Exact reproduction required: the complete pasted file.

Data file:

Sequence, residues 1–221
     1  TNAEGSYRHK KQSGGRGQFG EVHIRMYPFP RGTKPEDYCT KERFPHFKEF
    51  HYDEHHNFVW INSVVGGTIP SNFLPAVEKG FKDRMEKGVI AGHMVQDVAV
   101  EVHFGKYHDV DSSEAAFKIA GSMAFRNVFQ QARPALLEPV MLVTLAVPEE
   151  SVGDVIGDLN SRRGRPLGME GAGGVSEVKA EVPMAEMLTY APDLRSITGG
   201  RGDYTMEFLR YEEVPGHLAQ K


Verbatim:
Sequence, residues 1–221
     1  TNAEGSYRHK KQSGGRGQFG EVHIRMYPFP RGTKPEDYCT KERFPHFKEF
    51  HYDEHHNFVW INSVVGGTIP SNFLPAVEKG FKDRMEKGVI AGHMVQDVAV
   101  EVHFGKYHDV DSSEAAFKIA GSMAFRNVFQ QARPALLEPV MLVTLAVPEE
   151  SVGDVIGDLN SRRGRPLGME GAGGVSEVKA EVPMAEMLTY APDLRSITGG
   201  RGDYTMEFLR YEEVPGHLAQ K